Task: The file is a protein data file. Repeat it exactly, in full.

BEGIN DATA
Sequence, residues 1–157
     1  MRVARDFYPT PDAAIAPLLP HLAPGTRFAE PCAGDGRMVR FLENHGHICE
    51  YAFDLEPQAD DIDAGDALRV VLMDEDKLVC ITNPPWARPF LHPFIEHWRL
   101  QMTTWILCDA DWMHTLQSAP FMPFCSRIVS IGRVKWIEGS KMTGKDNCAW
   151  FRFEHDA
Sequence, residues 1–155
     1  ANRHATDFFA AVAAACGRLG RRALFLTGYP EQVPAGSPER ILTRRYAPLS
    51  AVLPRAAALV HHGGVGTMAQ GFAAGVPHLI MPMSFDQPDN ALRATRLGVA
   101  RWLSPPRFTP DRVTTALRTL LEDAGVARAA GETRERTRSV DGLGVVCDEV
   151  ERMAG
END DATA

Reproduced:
Sequence, residues 1–157
     1  MRVARDFYPT PDAAIAPLLP HLAPGTRFAE PCAGDGRMVR FLENHGHICE
    51  YAFDLEPQAD DIDAGDALRV VLMDEDKLVC ITNPPWARPF LHPFIEHWRL
   101  QMTTWILCDA DWMHTLQSAP FMPFCSRIVS IGRVKWIEGS KMTGKDNCAW
   151  FRFEHDA
Sequence, residues 1–155
     1  ANRHATDFFA AVAAACGRLG RRALFLTGYP EQVPAGSPER ILTRRYAPLS
    51  AVLPRAAALV HHGGVGTMAQ GFAAGVPHLI MPMSFDQPDN ALRATRLGVA
   101  RWLSPPRFTP DRVTTALRTL LEDAGVARAA GETRERTRSV DGLGVVCDEV
   151  ERMAG